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Global Health ; 17(1): 34, 2021 03 29.
Article in English | MEDLINE | ID: covidwho-1158211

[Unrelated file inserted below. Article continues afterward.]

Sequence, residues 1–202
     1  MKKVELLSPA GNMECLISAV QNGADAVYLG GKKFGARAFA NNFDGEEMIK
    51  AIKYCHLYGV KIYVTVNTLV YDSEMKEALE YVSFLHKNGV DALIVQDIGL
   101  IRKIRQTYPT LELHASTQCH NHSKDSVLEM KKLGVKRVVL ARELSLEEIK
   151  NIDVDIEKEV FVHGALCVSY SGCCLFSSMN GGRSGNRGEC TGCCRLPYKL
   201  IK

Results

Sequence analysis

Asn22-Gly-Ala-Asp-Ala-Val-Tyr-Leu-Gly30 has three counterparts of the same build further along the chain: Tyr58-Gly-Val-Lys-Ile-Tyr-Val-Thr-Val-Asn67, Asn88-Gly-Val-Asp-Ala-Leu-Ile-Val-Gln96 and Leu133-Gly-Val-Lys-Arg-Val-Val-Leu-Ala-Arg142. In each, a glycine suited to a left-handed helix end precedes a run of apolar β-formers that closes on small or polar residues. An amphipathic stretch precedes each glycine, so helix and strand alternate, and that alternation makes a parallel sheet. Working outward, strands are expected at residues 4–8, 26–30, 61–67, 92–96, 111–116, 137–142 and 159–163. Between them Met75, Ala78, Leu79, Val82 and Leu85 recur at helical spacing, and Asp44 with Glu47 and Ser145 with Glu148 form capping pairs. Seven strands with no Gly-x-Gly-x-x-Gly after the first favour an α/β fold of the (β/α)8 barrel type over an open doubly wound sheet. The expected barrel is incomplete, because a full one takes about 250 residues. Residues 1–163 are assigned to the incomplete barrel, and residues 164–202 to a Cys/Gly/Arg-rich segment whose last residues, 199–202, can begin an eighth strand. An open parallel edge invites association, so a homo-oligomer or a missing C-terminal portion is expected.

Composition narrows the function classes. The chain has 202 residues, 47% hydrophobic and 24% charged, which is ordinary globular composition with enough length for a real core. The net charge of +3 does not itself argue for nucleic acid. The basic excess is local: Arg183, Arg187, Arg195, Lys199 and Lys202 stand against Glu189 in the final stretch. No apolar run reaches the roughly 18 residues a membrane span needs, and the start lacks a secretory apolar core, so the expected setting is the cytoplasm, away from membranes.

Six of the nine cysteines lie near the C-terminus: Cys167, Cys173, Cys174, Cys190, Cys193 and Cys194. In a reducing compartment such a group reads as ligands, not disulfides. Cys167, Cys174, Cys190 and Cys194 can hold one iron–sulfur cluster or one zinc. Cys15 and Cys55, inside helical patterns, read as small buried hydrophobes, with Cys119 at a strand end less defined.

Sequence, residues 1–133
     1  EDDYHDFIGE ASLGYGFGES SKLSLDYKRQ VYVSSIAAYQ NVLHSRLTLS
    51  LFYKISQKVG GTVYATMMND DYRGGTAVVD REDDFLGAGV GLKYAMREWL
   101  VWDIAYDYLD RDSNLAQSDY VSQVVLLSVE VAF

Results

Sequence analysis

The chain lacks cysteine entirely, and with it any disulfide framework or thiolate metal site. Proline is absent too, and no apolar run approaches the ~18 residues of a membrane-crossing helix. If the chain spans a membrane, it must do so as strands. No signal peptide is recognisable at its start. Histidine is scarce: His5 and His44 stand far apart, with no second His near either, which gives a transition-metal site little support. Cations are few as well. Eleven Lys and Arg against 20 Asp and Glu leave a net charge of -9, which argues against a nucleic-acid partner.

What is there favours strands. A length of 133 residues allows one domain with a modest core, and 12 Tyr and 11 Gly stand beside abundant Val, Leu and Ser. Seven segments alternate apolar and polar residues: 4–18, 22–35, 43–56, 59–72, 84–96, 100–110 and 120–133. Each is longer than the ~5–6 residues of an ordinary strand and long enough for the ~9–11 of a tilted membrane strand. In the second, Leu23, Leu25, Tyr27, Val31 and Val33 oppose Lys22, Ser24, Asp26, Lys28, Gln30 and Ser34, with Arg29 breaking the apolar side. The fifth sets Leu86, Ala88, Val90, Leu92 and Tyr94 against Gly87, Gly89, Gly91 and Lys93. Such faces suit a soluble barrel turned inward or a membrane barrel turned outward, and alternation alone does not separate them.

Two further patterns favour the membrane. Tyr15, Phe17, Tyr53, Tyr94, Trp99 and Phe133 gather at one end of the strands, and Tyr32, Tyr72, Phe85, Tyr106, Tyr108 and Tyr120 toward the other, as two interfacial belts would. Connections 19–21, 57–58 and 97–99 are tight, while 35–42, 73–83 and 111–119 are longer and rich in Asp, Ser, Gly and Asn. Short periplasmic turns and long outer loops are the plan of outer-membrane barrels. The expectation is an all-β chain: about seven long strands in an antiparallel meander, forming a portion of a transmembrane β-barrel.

BACKGROUND: Mental burden due to the SARS-CoV-2 pandemic has been widely reported for the general public and specific risk groups like healthcare workers and different patient populations. We aimed to assess its impact on mental health during the early phase by comparing pandemic with prepandemic data and to identify potential risk and protective factors. METHODS: For this systematic review and meta-analyses, we systematically searched PubMed, PsycINFO, and Web of Science from January 1, 2019 to May 29, 2020, and screened reference lists of included studies. In addition, we searched PubMed and PsycINFO for prepandemic comparative data. Survey studies assessing mental burden by the SARS-CoV-2 pandemic in the general population, healthcare workers, or any patients (eg, COVID-19 patients), with a broad range of eligible mental health outcomes, and matching studies evaluating prepandemic comparative data in the same population (if available) were included. We used multilevel meta-analyses for main, subgroup, and sensitivity analyses, focusing on (perceived) stress, symptoms of anxiety and depression, and sleep-related symptoms as primary outcomes. RESULTS: Of 2429 records retrieved, 104 were included in the review (n = 208,261 participants), 43 in the meta-analysis (n = 71,613 participants). While symptoms of anxiety (standardized mean difference [SMD] 0.40; 95% CI 0.15-0.65) and depression (SMD 0.67; 95% CI 0.07-1.27) were increased in the general population during the early phase of the pandemic compared with prepandemic conditions, mental burden was not increased in patients as well as healthcare workers, irrespective of COVID-19 patient contact. Specific outcome measures (eg, Patient Health Questionnaire) and older comparative data (published ≥5 years ago) were associated with increased mental burden. Across the three population groups, existing mental disorders, female sex, and concerns about getting infected were repeatedly reported as risk factors, while older age, a good economic situation, and education were protective. CONCLUSIONS: This meta-analysis paints a more differentiated picture of the mental health consequences in pandemic situations than previous reviews. High-quality, representative surveys, high granular longitudinal studies, and more research on protective factors are required to better understand the psychological impacts of the SARS-CoV-2 pandemic and to help design effective preventive measures and interventions that are tailored to the needs of specific population groups.